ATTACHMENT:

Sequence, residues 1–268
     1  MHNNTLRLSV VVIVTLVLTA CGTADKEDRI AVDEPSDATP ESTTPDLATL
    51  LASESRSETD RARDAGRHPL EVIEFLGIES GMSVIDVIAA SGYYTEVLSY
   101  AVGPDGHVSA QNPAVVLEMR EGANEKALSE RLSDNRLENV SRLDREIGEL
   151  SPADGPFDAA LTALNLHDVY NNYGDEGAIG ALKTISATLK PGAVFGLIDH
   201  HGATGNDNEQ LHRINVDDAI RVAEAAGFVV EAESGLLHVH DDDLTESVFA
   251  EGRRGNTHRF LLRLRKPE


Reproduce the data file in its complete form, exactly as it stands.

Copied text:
Sequence, residues 1–268
     1  MHNNTLRLSV VVIVTLVLTA CGTADKEDRI AVDEPSDATP ESTTPDLATL
    51  LASESRSETD RARDAGRHPL EVIEFLGIES GMSVIDVIAA SGYYTEVLSY
   101  AVGPDGHVSA QNPAVVLEMR EGANEKALSE RLSDNRLENV SRLDREIGEL
   151  SPADGPFDAA LTALNLHDVY NNYGDEGAIG ALKTISATLK PGAVFGLIDH
   201  HGATGNDNEQ LHRINVDDAI RVAEAAGFVV EAESGLLHVH DDDLTESVFA
   251  EGRRGNTHRF LLRLRKPE